Sixth grade students at Lincoln Middle School (LMS) are making “mathcasts,” or podcasts that explain how to solve math problems to other students.
The mathcasts were the brainchild of sixth grade LMS math teacher, Eric Marcos, and he and his students’ achievements were mentioned by educational tech guru Alan November in his keynote address last October at the Los Angeles County 21st Century Learners Symposium.
Marcos told the Mirror the idea evolved after he began using a tablet personal computer (PC) in class instead of using a blackboard or projecting information by using an overhead projector. Marcos noticed that using the tablet “transformed my teaching” because he could have the students write on the screen, project what was written, save, edit, search or print what was written, and e-mail the notes from a lesson to those students who were absent. In addition, his students “were fascinated and excited by the tablet PC. They wanted to write on it, touch it” and started hanging out after class so they could use it.
About a year and half ago Marcos made a movie using the tablet on a problem that students could watch on the Internet. This was much easier than the old method he was using to explain homework problem solving that involved typing the problem’s steps into an e-mail because by using the tablet he could also problem solve by drawing pictures. This idea then evolved into a free interactive website where students could go to help each other that is now called Mathrain.com. He added the site is like a “clone of Youtube” and at the site students “can rate the videos, comment on the videos, upload additional math videos, and download podcasts from the site.”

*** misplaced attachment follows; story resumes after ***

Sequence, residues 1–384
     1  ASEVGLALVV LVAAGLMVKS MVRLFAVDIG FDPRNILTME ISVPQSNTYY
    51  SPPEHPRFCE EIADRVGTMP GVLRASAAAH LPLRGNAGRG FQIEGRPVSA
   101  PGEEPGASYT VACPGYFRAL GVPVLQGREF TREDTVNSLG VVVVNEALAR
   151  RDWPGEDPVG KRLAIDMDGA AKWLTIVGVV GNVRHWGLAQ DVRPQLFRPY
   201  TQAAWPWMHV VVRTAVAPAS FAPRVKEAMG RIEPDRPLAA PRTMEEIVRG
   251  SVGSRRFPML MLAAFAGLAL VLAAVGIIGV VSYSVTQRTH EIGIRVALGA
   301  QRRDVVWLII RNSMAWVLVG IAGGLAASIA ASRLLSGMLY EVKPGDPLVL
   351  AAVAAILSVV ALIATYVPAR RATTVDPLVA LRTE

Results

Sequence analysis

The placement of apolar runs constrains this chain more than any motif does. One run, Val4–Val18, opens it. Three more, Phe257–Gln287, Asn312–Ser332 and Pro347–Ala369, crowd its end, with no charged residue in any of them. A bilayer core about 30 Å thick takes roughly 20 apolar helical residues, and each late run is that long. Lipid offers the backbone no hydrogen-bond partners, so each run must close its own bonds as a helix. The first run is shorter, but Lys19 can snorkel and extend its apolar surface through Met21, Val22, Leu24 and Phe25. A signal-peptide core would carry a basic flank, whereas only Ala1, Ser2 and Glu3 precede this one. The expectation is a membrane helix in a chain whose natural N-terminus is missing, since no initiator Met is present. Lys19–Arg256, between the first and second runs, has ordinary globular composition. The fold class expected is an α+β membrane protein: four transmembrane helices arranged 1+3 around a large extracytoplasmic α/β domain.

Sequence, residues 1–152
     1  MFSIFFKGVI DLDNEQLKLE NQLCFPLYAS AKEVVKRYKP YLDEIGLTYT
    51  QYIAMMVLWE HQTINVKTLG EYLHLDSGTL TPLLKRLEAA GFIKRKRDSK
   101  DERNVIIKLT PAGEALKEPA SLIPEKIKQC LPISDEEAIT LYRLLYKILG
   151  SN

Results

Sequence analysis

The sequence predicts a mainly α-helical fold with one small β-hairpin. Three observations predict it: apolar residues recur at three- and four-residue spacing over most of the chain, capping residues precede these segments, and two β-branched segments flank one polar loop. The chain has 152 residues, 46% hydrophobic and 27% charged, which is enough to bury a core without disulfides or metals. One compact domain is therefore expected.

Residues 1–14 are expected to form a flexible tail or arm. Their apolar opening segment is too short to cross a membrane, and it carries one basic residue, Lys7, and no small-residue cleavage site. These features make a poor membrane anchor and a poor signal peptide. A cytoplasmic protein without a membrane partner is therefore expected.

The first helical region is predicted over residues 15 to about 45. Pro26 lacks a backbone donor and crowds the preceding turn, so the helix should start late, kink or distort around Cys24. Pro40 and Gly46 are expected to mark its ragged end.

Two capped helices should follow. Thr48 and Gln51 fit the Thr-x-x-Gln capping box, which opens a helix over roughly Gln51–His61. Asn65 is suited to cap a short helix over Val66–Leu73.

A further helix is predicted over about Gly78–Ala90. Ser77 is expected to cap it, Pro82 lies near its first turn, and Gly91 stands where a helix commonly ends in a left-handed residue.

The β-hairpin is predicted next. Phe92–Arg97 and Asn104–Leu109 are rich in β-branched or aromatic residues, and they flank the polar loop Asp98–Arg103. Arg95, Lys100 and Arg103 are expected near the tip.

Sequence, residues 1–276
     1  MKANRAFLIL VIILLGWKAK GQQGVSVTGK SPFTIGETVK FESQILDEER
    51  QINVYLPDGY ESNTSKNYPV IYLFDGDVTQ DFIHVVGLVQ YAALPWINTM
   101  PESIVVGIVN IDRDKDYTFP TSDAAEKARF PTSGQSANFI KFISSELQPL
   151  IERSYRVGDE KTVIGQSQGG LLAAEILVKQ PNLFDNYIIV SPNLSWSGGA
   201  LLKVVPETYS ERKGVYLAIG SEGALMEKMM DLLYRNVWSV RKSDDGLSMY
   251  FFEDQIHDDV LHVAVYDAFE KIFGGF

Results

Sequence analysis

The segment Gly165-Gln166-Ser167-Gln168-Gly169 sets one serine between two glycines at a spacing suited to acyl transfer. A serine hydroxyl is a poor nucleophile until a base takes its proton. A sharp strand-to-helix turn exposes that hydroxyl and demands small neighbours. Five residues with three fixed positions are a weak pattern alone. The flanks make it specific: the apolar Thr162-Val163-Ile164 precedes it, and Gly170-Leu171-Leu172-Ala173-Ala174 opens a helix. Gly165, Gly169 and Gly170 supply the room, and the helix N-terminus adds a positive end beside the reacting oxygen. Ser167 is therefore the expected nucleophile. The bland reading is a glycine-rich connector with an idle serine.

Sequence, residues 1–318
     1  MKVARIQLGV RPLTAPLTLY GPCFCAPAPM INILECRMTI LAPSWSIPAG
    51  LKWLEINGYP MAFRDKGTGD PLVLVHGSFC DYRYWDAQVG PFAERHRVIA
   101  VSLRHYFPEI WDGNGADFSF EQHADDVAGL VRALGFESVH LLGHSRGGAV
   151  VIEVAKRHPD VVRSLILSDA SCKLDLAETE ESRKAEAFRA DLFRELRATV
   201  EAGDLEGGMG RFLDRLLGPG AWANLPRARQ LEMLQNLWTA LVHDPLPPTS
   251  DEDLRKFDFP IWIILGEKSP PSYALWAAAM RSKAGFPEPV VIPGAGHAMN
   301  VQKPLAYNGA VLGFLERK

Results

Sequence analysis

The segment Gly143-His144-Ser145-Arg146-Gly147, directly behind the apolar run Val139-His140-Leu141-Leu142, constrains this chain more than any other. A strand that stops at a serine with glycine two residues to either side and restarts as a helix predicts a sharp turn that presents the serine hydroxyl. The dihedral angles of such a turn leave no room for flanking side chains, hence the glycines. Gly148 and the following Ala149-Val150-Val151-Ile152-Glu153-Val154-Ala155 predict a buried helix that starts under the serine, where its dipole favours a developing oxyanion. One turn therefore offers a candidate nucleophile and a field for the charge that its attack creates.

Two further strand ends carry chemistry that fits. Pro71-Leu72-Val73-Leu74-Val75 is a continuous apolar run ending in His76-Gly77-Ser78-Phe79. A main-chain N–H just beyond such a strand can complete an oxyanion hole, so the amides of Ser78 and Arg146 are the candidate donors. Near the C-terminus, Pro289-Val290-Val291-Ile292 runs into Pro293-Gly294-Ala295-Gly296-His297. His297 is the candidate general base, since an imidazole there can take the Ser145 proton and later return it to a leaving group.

Marcos also mentioned that the students make math videos without scripts and because they appear on the Internet to a global audience it makes them really think about what they say. Making the videos also causes the students to go into more depth about their understanding of the problem and it causes them to learn how to explain their solution with clarity. In order to protect the students their faces are not shown and their real names aren’t used.
So far videos have been made about algebra, fractions, and ratio problems, and more are being made all the time. Right now, Marcos is in the process of “building a video library.” Marcos also mentioned that another result of the success of the mathcasts is that the “entire math department at LMS is excited about this” and wants all classes to make videos as an addition to the curriculum.
The Mathtrain.com site receives, according to Marcos, over a quarter of a million hits each month. This summer Marcos will be presenting a workshop titled “Kids Teaching Kids: Empowering Students Through Screencasting” at the 2008 Building Learning Communities (BLC) Conference in Boston, Massachusetts.
“The students are really the ones that are driving the mathcasts. I’m just the conduit. What’s so important is that the kids love it,” Marcos emphasized.